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From the Rhône to the Rhine: Lake Geneva


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One thing I'd never known about Lake Geneva was that in France it is known as Lac Léman. Perhaps that's something to do with nationalism as Geneva is a Swiss city and most of the southern shoreline belongs to France. I never got to find out what they call the lake in Geneva. Regardless of the name it is one of the iconic lakes of Switzerland and has been a haunt of celebrities from the English Romantic poets to contemporary rock stars and Hollywood actors. It had been an easy decision for us to take the longer eastern route around the lake rather than drive directly from Lausanne to Geneva. An added benefit of the longer route was that Airbnb's on the French shoreline were half the price of those in Geneva.
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Regretfully I allowed the vehicle GPS to select our initial route and it brought us down a boring inland highway towards Vevey so that we were denied any view of the lake. Eventually I realized my mistake and switched to a handcrafted coastal route on Google Maps which was much more pleasant. The blue lake was covered with fine ripples that gave it a glassy texture and we could see that the entire eastern coastline was ringed by low mountains.

Vevey is a popular stop on the route around Lake Geneva. It's part of a long built-up coastal area that also includes Montreux, and it has an old town and several museums. Having lingered so long in central Lausanne we were behind schedule and our main priority was finding a place to have lunch before the window of opportunity closed. We parked and raced through the town to the shoreline where most of the highly recommended restaurants were concentrated. Although some restaurants had already closed there was a string of crowded bistros right on the lakeside promenade and we chose one called Ze Fork. We had to wait about twenty minutes for a table but we were able to enjoy some cold refreshments and bask in the breeze that was coming off the lake. It seemed the restaurant took its name from the giant fork sculpture just offshore that marked the presence of the Alimentarium food museum. The food was expensive but much better than I had expected given the touristy location, a good preview of sophisticated French cuisine.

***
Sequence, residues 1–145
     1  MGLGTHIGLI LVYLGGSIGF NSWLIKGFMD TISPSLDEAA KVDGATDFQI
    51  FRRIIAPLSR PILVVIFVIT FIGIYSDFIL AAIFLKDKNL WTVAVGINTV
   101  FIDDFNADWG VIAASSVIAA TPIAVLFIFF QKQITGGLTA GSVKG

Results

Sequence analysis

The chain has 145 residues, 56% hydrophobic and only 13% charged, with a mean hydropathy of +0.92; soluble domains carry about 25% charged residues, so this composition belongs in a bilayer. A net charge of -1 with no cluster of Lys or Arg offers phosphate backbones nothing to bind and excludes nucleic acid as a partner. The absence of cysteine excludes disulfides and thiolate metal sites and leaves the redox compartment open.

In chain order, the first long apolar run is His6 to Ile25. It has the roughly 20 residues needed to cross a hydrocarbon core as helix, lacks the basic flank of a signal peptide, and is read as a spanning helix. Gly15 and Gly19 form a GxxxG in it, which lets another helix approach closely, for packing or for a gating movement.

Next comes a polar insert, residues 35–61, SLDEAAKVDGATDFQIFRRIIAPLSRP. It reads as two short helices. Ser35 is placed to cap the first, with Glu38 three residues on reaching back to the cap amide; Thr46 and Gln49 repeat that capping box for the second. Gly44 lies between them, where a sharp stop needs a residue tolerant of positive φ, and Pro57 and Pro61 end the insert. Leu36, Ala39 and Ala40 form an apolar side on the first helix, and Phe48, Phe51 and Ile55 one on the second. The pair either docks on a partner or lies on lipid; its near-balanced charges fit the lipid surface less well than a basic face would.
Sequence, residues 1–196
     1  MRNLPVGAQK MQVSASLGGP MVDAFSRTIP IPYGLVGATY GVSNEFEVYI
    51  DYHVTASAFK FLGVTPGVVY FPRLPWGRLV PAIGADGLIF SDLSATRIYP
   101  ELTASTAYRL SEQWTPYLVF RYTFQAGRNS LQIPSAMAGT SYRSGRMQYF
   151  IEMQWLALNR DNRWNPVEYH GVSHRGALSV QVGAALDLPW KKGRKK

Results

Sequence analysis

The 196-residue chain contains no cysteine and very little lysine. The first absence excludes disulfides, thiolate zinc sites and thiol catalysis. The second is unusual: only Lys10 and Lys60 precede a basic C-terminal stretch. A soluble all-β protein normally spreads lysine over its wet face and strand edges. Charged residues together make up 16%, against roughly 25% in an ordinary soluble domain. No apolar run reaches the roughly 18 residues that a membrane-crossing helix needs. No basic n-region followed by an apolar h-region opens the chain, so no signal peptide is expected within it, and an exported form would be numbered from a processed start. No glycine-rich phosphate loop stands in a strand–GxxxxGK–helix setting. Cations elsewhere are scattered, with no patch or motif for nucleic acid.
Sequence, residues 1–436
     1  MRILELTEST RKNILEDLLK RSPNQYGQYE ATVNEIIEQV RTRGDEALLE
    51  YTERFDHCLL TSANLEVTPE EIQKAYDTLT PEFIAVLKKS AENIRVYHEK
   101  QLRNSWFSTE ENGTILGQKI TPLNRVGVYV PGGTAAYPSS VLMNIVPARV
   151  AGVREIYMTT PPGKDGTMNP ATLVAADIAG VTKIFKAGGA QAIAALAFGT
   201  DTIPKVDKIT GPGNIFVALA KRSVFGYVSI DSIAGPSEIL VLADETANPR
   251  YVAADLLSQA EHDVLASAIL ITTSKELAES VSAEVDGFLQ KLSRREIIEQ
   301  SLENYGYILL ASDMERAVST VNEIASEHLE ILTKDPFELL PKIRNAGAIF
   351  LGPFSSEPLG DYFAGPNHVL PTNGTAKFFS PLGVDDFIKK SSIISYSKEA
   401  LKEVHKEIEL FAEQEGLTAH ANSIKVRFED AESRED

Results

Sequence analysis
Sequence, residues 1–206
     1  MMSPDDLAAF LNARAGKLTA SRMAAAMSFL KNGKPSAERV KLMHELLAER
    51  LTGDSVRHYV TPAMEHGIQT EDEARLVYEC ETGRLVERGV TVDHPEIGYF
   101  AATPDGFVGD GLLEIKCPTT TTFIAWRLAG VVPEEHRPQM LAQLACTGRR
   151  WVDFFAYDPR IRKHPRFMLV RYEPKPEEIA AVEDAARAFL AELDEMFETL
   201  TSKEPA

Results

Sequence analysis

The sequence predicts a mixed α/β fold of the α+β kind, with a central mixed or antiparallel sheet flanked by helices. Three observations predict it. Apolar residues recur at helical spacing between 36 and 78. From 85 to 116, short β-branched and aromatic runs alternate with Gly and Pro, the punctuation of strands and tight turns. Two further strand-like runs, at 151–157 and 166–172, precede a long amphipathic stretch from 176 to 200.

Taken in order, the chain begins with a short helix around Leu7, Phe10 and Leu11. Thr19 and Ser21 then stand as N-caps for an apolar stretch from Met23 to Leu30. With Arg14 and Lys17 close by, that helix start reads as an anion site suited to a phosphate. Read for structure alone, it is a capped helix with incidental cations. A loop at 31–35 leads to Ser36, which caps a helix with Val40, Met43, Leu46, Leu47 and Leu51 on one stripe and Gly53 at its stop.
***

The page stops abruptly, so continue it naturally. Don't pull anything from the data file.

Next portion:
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After lunch we spent a little time enjoying the promenade. People were taking advantage of recreational activities such as paddleboats and sunbathing but our schedule was way too tight for anything like that. I had kept the Alimentarium in reserve in case we found ourselves with time to kill but by the time we had completed lunch it was clear that we would have to push directly onward to our next stop. Our last stop on the promenade was the bronze statue of Charlie Chaplin, who spent the last twenty-five years of his life in Vevey.
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Vevey has a small but atmospheric old town set back a block from the water. It only took us about fifteen minutes to wander through the small network of cobblestone streets and window shop at a variety of interesting little stores. The buildings that lined the streets had colorful pastel facades, wrought iron grills, and white shutters similar to those of La Cité in Lausanne.